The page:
Rába stands by revenue, profit targets
Hungarian vehicle and vehicle parts maker Rába can achieve its targeted 10% revenue growth and positive bottom line for the full year - bar risks - because of strong business in Q4, chairman-CEO István Pintér said on Thursday, a day after the company published its Q3 report.
The company expects a strong fourth quarter, he said.
If calamity does not befall the vehicle industry, Rába could remain on an upward path next year even if the market stagnates, thanks to ongoing projects, Pintér said.
Revenue is stable, in spite of the difficult environment on currency markets, rising costs in the quarter and the low activity of the vehicle division, he added.
Pintér attributed the 3.9 percentage point drop in gross margin and the 1.8 percentage point fall in EBITDA margin in Q1-Q3 to lower exchange rates, high feedstock prices, the low output of the vehicle division and project costs, he said. Unconventional, one-off orders make up for a smaller share of revenue than earlier, he added.
Pintér said the global market for heavy vehicles was showing strong growth from which Rába would profit. From 2012, Rába wants to deliver an annual 100,000 axles to the European market, or 25-30% of its output, he added.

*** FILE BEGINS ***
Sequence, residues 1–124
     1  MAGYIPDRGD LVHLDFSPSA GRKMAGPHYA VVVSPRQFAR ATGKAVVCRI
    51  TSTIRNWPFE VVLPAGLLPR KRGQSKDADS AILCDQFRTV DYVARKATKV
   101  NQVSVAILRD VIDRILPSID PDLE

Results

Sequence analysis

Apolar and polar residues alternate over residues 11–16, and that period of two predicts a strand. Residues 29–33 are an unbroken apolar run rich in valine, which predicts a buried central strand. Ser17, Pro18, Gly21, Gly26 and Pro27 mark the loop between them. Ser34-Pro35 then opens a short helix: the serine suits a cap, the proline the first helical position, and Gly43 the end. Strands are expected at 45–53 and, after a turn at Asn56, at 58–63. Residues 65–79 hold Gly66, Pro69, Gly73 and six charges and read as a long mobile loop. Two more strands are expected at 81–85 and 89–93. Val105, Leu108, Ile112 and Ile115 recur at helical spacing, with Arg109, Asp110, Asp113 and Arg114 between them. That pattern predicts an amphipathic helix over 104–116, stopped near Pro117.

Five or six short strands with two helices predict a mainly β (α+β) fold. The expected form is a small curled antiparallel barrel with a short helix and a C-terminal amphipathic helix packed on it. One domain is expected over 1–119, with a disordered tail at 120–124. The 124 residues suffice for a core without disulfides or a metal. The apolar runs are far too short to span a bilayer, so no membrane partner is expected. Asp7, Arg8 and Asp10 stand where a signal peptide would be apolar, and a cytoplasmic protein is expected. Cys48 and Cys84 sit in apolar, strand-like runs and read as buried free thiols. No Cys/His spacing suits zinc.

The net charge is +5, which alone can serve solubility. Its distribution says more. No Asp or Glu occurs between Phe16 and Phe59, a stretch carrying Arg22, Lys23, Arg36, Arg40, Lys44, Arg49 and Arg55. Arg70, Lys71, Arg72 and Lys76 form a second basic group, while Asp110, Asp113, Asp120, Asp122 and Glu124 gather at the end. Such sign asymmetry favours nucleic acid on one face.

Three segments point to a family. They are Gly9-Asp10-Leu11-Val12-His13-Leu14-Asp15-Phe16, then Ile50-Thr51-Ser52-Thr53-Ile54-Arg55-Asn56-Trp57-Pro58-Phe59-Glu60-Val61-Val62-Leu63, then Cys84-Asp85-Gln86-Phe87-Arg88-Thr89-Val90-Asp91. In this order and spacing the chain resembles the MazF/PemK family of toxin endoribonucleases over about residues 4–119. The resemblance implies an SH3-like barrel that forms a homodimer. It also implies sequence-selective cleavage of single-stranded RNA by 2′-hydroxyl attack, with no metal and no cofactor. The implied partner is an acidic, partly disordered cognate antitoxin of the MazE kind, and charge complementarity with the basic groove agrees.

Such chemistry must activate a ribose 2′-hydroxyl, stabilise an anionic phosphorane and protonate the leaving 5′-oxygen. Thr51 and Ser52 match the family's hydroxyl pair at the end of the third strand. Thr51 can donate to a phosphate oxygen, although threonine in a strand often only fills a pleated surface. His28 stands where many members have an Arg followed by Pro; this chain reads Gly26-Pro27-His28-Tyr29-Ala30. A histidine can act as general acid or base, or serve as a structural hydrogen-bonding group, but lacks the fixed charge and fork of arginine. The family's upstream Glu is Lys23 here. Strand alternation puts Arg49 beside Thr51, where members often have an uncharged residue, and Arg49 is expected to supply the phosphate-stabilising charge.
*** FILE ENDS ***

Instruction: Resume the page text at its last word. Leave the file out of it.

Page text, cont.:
Rába expects the farm vehicle segment to remain strong but the passenger car segment to contract next year, Pintér said.
Invoicing with Rába’s biggest clients now takes place in euro, ending the company’s exposure to the dollar.
Asked about the company’s ownership, Pintér declined to comment.
Hungary’s National Asset Management Company (MNV) made a public purchase offer for all outstanding Rába shares on November 7.
Asked about the manufacture of fire engines and buses, Pintér said only that Rába wants to boost sales of non-military vehicles.
National Development Ministry state secretary Janos Fónagy said after the buyout offer was announced that it was Rába’s strategic goal to increase vehicle production capacity. Economy of scale cannot be achieved in the bus manufacturing segment in Hungary, but Rába could excel in the special vehicles segment, such as in the manufacture of fire engines, he added.
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